Taking an Opportunity Born Out of Accident

Last autumn as the sun passed ever lower across the sky I took the saw and secateurs to some of the larger shrubs in the back garden. It was time to reinvent the area and in someway regain space for vegetables as well as allowing more light. To this end, I attacked the Strawberry Tree, removing several of its lower branches to allow more light into the garden. I promised myself that I would return in the spring to remove the upper branches once the shoots of new growth had formed below – thus reducing it to a large shrub. The Rowan was also scheduled for a pruning – again, to remove some lower branches and allow a bit more light through.

But the key target of the autumn was the self-sown Buddleia beside the shed. In the narrow space between the shed and the fence it had grown unchecked and the mass of its branches was now pushing the shed out of true. It would have to go. Chopping it down was a mammoth task – in fact I still have to get round the back there again to finish off the main trunk! With so much to remove, I enlisted the help of Alasdair. I attacked the branches with the pruning saw and then passed them over the roof of the shed to him. He then removed the twigs and smaller branches with the secateurs, separating them into bin and ‘take in the car’ piles.

Sometime late in the afternoon and whilst handling a large branch he staggered and put his arm out to stop himself from falling – straight through the window of the shed! The good news is that he was unharmed. The window is glazed with styrene sheeting that had become brittle with age. I didn’t have any sheeting to hand and with other priorities I left it as it was – a window with a hole in it. I was, in fact, contemplating getting a better shed anyway so the urge to fix it was muted.

This week I’ve had the builders in – doing some pointing, rebuilding the chimney stack, digging out a blocked drain and preparing to reconcrete around the back of the house. They’ve also, whilst awaiting the scaffolders, pruned the Rowan and removed the upper branches of the Strawberry Tree. Oh – and they’ve also removed our old coal bunker, giving me a whole new bed for plants. During the course of all this activity their constant companion has been the Robin, swooping down amongst feet, shovels, pick-axes and sledgehammers to grab any tasty morsels that have been disturbed.

Now, I know there are a pair of Robins in our garden and I had suspected that they were building a nest somewhere. They have nested in the outdoor toilet before. However, careful observation revealed one of them flying into the shed through my son’s broken window. Taking advantage of the general DIY / Amateur Radio type clutter on one of the shelves, they have built a nest in a coil of earth cable and I can reveal that the female is now sitting πŸ™‚ So Alasdair’s autumn accident may well result in a brood of Robins in a couple of weeks time! I have now placed the shed off limits after grabbing this quick photo with my 300mm lens (hand held on 1/10th sec!)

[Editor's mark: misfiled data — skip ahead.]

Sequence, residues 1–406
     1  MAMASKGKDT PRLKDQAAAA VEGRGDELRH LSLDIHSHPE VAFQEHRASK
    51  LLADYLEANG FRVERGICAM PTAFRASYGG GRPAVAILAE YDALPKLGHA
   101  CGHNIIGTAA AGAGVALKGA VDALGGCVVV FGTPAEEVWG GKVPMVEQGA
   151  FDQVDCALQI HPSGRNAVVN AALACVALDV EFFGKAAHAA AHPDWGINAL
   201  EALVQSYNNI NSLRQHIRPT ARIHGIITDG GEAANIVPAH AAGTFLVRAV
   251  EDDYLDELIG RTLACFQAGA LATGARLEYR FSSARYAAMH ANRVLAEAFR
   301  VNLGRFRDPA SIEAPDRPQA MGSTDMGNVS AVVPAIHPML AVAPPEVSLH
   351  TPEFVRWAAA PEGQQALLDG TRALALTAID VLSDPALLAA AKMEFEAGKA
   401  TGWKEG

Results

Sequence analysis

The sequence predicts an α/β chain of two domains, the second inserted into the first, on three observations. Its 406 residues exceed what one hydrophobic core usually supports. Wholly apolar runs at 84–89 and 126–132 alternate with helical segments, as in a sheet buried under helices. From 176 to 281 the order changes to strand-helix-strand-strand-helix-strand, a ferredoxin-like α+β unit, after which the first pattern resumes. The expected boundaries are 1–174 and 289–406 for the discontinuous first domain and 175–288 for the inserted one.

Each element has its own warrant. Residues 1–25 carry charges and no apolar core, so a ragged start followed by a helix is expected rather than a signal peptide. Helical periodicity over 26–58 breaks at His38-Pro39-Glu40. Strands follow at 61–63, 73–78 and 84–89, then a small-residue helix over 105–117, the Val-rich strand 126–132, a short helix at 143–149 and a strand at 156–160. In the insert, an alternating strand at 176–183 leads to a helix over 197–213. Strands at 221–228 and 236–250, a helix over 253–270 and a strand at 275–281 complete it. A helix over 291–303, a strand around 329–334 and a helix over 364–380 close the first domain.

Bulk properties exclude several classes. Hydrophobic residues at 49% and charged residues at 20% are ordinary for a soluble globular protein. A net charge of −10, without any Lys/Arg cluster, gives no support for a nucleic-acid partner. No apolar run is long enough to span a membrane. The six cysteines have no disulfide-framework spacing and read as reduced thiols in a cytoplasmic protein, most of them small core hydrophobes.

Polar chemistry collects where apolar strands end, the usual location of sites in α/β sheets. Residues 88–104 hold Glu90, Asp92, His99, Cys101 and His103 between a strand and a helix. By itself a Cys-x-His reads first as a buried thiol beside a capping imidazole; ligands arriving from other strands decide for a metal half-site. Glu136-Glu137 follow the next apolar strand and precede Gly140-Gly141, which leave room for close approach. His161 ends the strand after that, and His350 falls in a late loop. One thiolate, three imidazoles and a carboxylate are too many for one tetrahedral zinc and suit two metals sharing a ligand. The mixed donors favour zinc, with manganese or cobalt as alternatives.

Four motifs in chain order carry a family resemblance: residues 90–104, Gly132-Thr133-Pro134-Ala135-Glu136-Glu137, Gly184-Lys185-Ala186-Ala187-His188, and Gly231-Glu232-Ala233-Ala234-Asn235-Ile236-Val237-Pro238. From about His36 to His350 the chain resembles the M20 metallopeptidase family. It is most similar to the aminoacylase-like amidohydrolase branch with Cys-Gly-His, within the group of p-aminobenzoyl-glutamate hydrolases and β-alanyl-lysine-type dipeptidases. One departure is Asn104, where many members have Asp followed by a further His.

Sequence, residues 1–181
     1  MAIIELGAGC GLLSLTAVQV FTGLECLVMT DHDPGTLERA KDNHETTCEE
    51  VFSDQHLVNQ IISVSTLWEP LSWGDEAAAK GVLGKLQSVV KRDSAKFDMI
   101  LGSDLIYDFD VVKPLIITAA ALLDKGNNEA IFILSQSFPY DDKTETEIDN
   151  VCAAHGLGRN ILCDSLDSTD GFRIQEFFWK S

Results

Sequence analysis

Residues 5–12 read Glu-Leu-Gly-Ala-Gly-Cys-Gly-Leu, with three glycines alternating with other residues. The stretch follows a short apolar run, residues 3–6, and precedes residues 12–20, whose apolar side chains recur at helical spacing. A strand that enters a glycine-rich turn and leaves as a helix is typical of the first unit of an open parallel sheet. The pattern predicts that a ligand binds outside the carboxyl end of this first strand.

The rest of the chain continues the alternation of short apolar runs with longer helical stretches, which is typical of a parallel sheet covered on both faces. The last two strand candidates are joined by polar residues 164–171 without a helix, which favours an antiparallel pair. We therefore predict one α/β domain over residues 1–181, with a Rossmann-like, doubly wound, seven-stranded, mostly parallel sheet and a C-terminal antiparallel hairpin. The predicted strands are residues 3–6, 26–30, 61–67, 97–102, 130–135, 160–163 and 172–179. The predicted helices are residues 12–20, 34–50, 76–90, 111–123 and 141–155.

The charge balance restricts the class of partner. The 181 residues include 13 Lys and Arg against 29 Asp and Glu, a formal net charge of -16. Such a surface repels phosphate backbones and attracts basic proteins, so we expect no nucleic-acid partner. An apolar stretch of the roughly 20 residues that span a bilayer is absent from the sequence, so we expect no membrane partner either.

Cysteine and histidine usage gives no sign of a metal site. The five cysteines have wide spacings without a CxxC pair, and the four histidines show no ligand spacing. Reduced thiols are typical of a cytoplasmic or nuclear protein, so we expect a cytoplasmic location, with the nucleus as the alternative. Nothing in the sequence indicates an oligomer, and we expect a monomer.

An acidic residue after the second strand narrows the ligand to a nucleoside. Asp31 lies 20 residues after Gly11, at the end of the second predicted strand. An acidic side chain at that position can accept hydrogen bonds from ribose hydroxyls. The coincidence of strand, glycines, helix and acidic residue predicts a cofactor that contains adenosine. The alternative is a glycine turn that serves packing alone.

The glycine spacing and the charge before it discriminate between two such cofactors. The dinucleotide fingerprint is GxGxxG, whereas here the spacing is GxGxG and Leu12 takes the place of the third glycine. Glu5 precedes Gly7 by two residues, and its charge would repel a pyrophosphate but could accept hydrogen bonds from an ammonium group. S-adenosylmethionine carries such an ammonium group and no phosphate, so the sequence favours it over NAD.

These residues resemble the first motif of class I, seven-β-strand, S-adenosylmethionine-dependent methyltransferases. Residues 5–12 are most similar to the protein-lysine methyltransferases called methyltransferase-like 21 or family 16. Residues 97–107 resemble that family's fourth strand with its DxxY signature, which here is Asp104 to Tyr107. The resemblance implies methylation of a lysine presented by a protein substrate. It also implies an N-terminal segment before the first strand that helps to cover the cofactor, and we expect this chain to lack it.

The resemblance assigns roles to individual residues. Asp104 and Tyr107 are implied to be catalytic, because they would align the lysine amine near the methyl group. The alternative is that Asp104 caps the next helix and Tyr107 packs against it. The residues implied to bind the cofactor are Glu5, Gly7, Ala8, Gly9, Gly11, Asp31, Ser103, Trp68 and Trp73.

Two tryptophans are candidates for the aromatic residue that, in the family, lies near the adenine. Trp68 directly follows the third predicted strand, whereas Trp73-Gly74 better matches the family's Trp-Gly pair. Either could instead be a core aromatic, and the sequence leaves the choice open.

Robin's Nest

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Comments

  1. how exciting to find the robins in the shed … they are adaptable birds! good luck with all the building, hope it is soon done!

  2. Very cool! Hahaha… had it been me, I’d have found a way to fall over and produce a much larger hole in the wall… and I can about imagine what you might now been sheltering if that were the case!
    πŸ™‚

  3. Nice news about the robins. The possibility of foxes made me laugh out loud!
    I can just picture it — pointy little noses and all —

    • Unfortunately, London’s Foxes are very unpleasant creatures – many of them are badly diseased so I’d be calling round the Council’s pest control to remove them. The Robins and almost any other birds are welcome πŸ™‚

  4. We have a local neighborhood fox who occasionally comes trotting through the woods — rather handsome. And alone. This isn’t London, though, far from it. Beyond our back yard it’s the country.

  5. You got quite a photo there — but he is a scruffy one!

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